Confidentiality is a key element of mental health and substance abuse treatment. In the absence of assured confidentiality, many patients with mental disorders or substance abuse problems might refuse or fail to seek treatment. As the payers of treatment, however, managed care organizations (MCOs) and insurance companies need to know the services for which payment is being requested and whether the treatment is appropriate. The dual needs for confidentiality and disclosure have created tension between providers and payers of services. This report clarifies the sources of tension between providers and payers with regard to what personal information should be shared for patients receiving mental health or substance abuse treatment. It also provides information to support a m ore consistent application of privacy-sensitive approaches to collecting personal health information in the future. It was found that MCOs collect personal information about enrollees receiving mental health and substance abuse services for many reasons. It was found that there was wide variation in the information collected by MCOs for authorizing outpatient treatment, although there are some common elements. It was also found that respondents for inpatient authorizations described them as much more intrusive.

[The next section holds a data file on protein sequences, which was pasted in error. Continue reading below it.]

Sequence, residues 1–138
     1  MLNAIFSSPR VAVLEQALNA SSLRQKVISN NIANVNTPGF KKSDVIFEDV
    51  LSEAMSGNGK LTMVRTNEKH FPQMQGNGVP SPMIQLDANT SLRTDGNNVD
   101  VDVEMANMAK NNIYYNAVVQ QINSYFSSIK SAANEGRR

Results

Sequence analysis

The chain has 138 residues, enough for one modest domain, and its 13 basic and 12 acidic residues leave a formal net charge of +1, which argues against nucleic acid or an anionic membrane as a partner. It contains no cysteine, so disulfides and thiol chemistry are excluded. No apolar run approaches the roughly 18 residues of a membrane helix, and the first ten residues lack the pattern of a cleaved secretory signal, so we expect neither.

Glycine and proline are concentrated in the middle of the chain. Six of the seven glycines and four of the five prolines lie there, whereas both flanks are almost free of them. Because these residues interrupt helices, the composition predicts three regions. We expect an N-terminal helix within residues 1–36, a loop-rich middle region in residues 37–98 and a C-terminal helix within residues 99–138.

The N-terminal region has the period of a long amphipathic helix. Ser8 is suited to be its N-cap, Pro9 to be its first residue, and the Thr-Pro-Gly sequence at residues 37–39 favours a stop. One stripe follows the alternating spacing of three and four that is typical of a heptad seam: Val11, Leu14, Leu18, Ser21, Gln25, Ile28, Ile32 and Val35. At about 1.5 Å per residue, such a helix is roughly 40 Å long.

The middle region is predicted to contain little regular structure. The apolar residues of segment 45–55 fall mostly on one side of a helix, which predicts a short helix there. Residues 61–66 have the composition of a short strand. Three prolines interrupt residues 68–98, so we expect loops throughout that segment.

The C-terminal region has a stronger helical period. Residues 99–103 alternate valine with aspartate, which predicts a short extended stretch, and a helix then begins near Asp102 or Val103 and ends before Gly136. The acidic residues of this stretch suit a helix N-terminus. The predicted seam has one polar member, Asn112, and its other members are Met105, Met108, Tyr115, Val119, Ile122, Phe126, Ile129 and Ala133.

PIC ID: 7881
Agency Sponsor: ASPE-OSP, Office of Science Policy
Federal Contact: Fanning, John, 202- 690-7100
Performer: Mathematica Policy Research, Inc., Plainsboro, NJ